Owned and Operated
Patagonia is a global company with a global footprint. We own and operate offices in the United States, the Netherlands, Japan, South Korea, Australia, Chile and Argentina. We also operate two distribution centers—our facilities where we receive goods from factories in the US and overseas—and more than 70 Patagonia stores worldwide.
In comparison to the footprint of our full supply chain, the emissions associated with our owned-and-operated facilities are much lower. For example, the carbon footprint of our own facilities is only 2–3% of our total footprint each year. Because we have much more control over our owned facilities, we are committed to cleaning up our own house before asking others to follow suit.
Where We Are
Energy In the US, we have on-site installations at our Reno, Nevada, and Ventura, California, campuses and have installed more than 1.5 megawatts of renewable power. We’ve also funded more than 1,000 solar arrays on residential homes across the country through tax equity investments. Worldwide, we have funded over 600 kilowatts of solar panels cantilevered over farmland, which allows the cultivation of sun and crops, and we are currently investigating additional renewable investments in countries where we own and operate offices and stores.
While we focus a lot on investing in renewables, we also work hard to lessen our demand for energy in the first place.
Our responsible building principles push us to design, create and operate buildings in a way that minimizes the need for energy, such as using daylight-design features.
Transportation Our greenhouse gas emissions footprint for shipping (both inbound and outbound) is around 10% of our total emissions footprint every year.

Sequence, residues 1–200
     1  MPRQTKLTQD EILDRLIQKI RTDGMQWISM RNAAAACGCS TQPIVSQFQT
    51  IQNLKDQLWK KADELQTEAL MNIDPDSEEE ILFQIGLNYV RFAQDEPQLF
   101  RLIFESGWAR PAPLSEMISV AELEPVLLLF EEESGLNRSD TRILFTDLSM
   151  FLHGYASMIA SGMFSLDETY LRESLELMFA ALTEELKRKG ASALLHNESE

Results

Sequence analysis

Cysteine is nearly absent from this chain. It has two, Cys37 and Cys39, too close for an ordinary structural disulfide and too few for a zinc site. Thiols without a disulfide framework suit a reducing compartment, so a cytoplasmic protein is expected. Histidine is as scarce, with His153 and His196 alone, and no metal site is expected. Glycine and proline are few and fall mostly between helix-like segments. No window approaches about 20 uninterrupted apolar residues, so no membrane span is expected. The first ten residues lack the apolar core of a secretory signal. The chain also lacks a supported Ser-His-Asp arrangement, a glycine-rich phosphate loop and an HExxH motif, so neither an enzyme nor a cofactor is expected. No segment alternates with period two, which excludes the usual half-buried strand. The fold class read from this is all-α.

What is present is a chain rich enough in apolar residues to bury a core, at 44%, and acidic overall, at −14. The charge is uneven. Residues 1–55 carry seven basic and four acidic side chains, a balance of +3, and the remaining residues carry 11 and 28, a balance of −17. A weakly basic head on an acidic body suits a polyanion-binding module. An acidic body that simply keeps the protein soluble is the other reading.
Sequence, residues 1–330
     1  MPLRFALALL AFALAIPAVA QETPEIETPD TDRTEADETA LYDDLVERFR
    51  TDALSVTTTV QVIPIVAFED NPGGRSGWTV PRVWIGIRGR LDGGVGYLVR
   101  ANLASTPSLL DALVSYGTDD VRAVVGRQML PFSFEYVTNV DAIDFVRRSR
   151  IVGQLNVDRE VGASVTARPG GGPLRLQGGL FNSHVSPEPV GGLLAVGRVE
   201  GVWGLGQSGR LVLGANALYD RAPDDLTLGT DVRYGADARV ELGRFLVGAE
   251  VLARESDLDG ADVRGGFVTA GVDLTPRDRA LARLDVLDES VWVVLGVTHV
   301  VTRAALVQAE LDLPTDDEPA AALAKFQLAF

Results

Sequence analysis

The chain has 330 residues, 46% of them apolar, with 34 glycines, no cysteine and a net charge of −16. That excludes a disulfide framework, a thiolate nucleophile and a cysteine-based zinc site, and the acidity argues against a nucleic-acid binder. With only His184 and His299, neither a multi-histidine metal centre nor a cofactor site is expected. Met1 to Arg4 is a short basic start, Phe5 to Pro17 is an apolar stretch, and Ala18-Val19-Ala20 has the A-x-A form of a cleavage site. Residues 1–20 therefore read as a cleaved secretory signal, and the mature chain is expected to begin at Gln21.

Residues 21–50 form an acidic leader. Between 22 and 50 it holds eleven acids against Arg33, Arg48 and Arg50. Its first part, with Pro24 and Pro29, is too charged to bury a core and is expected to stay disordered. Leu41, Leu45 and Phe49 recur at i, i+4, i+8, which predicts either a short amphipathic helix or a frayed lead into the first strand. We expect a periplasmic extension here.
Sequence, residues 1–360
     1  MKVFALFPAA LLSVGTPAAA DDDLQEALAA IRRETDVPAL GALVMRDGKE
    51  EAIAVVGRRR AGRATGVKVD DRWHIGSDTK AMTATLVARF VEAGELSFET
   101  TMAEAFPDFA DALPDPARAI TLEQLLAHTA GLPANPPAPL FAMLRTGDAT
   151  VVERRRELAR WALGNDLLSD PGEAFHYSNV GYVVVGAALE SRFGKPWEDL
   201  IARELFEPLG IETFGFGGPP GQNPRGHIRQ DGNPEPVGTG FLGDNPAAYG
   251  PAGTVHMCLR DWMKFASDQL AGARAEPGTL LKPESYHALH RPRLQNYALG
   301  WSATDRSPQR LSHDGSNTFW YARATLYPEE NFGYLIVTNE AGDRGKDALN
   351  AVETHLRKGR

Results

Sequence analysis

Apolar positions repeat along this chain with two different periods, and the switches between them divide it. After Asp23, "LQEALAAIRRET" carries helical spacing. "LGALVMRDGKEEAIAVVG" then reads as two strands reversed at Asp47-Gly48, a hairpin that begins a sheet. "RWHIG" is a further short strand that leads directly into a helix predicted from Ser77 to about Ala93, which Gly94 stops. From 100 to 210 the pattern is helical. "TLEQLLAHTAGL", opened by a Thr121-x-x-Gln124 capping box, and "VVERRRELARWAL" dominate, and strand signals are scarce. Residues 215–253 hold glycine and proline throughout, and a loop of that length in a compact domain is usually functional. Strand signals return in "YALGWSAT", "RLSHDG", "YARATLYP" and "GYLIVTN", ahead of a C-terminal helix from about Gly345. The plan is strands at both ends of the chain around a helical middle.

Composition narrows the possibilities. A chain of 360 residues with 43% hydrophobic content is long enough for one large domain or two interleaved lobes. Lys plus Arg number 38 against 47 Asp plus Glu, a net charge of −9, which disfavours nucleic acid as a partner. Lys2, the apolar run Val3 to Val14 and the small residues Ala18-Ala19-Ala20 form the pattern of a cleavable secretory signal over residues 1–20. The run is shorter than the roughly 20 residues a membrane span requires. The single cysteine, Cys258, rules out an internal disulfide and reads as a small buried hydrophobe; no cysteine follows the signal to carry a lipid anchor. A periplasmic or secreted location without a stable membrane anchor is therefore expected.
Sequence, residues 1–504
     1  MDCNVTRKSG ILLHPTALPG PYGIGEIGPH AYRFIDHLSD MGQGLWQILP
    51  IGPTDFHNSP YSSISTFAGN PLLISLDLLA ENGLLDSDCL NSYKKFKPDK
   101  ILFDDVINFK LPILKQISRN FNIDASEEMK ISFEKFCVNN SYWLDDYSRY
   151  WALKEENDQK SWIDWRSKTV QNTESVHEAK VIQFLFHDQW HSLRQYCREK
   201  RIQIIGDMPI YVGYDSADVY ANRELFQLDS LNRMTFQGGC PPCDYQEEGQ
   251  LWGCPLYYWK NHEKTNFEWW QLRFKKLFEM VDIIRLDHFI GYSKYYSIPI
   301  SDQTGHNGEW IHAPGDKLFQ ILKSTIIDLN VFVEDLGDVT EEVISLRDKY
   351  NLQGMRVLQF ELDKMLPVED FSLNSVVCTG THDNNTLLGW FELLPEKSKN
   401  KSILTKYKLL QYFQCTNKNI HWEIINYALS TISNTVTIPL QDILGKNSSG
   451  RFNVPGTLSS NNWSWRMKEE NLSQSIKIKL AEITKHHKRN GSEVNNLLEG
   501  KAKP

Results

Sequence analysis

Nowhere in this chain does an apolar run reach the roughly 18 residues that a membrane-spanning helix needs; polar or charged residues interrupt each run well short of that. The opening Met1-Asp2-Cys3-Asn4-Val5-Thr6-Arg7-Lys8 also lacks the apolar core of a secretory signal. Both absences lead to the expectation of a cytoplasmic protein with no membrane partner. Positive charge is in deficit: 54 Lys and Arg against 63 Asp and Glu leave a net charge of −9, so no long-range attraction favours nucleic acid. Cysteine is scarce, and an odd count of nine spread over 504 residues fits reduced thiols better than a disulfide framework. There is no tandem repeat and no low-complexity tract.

To reduce our transportation footprint, we are increasing the use of drop-shipping (a way of shipping directly from factories to international distribution centers), minimizing the need for inbound air shipments and reducing the need for two-day shipping options for customers. We have also opened our East Coast Distribution Center in Pennsylvania, allowing us to reach 95% of the US in three days without using air shipping.
Waste To limit the waste we create in our owned-and-operated facilities, we are installing composting systems at all facilities; phasing out single-use plastics in our purchasing practices, café and stores; training our employees on zero-waste initiatives; digitizing our entire accounting and payroll processes; installing waste stations and proper signage so employees accurately sort trash, recycling and compost materials; recycling all our scrap surfboard foam; ensuring all visual merchandising materials are recyclable and working to minimize material use and increase modularization.
Water In our owned-and-operated facilities, our water footprint is relatively small and mostly comes from basic functions like sinks or toilets or rinsing off our wetsuits after surfing.
We capture all the heating, ventilation and air-conditioning condensation at one of our California facilities, which we then use to water all the plants on-site. To further limit our water usage, we prioritize low-flow toilets, faucets and showers, and we plant native and drought-tolerant species.
At our main campus in Ventura, we also installed a bioswale, which captures rain and stormwater runoff and naturally filters it before it heads out to the ocean.
Being a Responsible Company We are faced with everyday decisions on how best to make environmental choices. Here are some principles that we use to help guide these decisions and move us toward our goal of creating no unnecessary harm through our business operations.
Preferable Purchasing Principles Responsible Service Provider Principles Building Principles Paper Procurement and Use Policy Packaging and Merchandising Principles Post-Consumer Recycling Strategy and Upcycling Policy
Our goal is to switch to 100% renewable electricity in our global owned-and-operated facilities by the end of 2025. Becoming zero-waste means that almost everything that leaves our doors will go to recycling or compost—not the landfill. There will always be some outlier materials that we can’t find a home for, but we are actively minimizing their use. To do so, we will have to change many of our operations, purchasing practices and behaviors.